Albania: Statistics on blood feuds; state protection and support services available to those affected by blood feuds, including whether individuals have been prosecuted for blood-feud-related crimes (2007 - September 2010)
|Publisher||Canada: Immigration and Refugee Board of Canada|
|Publication Date||15 October 2010|
|Citation / Document Symbol||ALB103573.E|
|Cite as||Canada: Immigration and Refugee Board of Canada, Albania: Statistics on blood feuds; state protection and support services available to those affected by blood feuds, including whether individuals have been prosecuted for blood-feud-related crimes (2007 - September 2010), 15 October 2010, ALB103573.E, available at: http://www.refworld.org/docid/4dd10ee72.html [accessed 5 October 2015]|
|Disclaimer||This is not a UNHCR publication. UNHCR is not responsible for, nor does it necessarily endorse, its content. Any views expressed are solely those of the author or publisher and do not necessarily reflect those of UNHCR, the United Nations or its Member States.|
Several sources indicate that statistics regarding blood feuds in Albania vary widely (UN 20 May 2010, para. 3; Balkan Insight 8 Apr. 2010; AFCR 24 Sept. 2010; Professor 24 Sept. 2010). According to a report by the Special Rapporteur for the United Nations (UN) Human Rights Council (HRC) following his nine-day mission to Albania in February 2010, the discrepancies in the data are a result of "definitional differences; underreporting; limited coverage of issues; and incentives to overstate" (UN 20 May 2010, para. 11). He explained that the government uses "inadequate data-gathering and recording techniques, and insufficient coordination" and has "an understandable concern to play down the issue" (ibid. para. 3 and 10). However, he also noted that many government representatives and observers expressed concern that some non-governmental organizations (NGOs) exaggerate the extent of the problem in order to secure funding (ibid. para. 15). In a 24 September 2010 telephone interview with the Research Directorate, a history professor and chair of Indiana University-Purdue University Fort Wayne (IPFW) stated that statistics are generally "problematic" in Albania, and are "often used for political reasons."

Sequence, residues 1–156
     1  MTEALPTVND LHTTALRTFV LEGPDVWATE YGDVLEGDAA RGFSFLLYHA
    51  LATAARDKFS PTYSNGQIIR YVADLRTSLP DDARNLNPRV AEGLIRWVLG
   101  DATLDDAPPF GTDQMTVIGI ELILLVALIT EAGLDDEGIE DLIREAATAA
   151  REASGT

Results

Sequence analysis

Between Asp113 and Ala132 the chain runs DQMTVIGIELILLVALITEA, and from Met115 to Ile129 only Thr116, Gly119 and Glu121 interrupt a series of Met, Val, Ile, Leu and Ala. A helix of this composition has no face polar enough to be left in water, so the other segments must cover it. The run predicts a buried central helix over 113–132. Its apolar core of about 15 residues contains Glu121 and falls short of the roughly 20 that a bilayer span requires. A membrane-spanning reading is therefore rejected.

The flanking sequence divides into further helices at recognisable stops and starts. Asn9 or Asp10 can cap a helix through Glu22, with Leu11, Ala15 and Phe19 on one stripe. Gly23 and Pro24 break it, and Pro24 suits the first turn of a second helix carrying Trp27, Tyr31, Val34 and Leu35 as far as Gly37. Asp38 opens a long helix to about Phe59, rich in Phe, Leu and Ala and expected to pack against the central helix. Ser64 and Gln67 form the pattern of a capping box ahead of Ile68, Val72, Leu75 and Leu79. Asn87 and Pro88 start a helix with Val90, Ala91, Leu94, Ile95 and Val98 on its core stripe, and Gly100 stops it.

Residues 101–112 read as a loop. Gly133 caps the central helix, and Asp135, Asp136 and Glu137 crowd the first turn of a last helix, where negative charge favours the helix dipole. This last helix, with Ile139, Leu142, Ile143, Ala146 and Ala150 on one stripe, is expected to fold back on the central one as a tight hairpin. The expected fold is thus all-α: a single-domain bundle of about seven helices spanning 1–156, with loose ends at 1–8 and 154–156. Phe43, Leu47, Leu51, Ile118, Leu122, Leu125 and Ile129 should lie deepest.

According to statistics posted on the website of the Albanian State Police (ASP), in 2007 there were a total of 94 murders, none of which were blood-feud related, while in 2008 there were 86 murders, 4 of which were blood-feud related (Albania 2008). A presentation on state police activity for 2009 indicates that there were a total of 79 murders, 1 of which was motivated by blood feud, 1 by revenge, 6 by property disputes, and 52 by "undetermined motivation" (ibid. Jan. 2010). The United States (US) Department of State's Country Reports on Human Rights Practices for 2009 also states that the Interior Ministry reported one blood-feud-related murder in 2009 (US 11 Mar. 2010, Sec. 1a).
The Committee of Nationwide Reconciliation (CNR, Komiteti I Pajtimit Mbarëkombëtar) maintains that it is in the Albanian government's interest to state that blood-feud figures provided by NGOs are "artificially increased" (CNR 16 Apr. 2010). In a 16 April 2010 letter sent to the UN HRC Special Rapporteur and posted on the CNR website, the CNR maintained that, in 2008, there were 29 murders motivated by blood feud and 32 by honour; and 31 blood-feud murders and 36 honour killings in 2009 (ibid.). These figures were amended somewhat when, in 19 September 2010 correspondence with the Research Directorate, the Chairman of the CNR provided the following statistics about the number of murders motivated by "revenge and blood feud" and by honour:
|Year||Revenge and Blood Feud||Honour|
|1 Jan-30June 2010||26||31|
The CNR Chairman explained that these statistics are gathered from the CNR's representatives in 2,800 villages, 32 districts and 16 regions of Albania, and that most of the information is provided confidentially by the families and persons in conflict (ibid.). He also explained that the figures for a particular year can change as new, previously unknown information becomes available (ibid.). In separate documentation provided to the Research Directorate, the CNR claims that there were 10,000 murders for honour, blood feud and revenge between 1990 and 2009 (CNR 2009). The CNR Chairman explained that this number includes all villages, districts and regions of Albania, and can be verified "in the cemeteries of the villages and towns" (ibid. 19 Sept. 2010).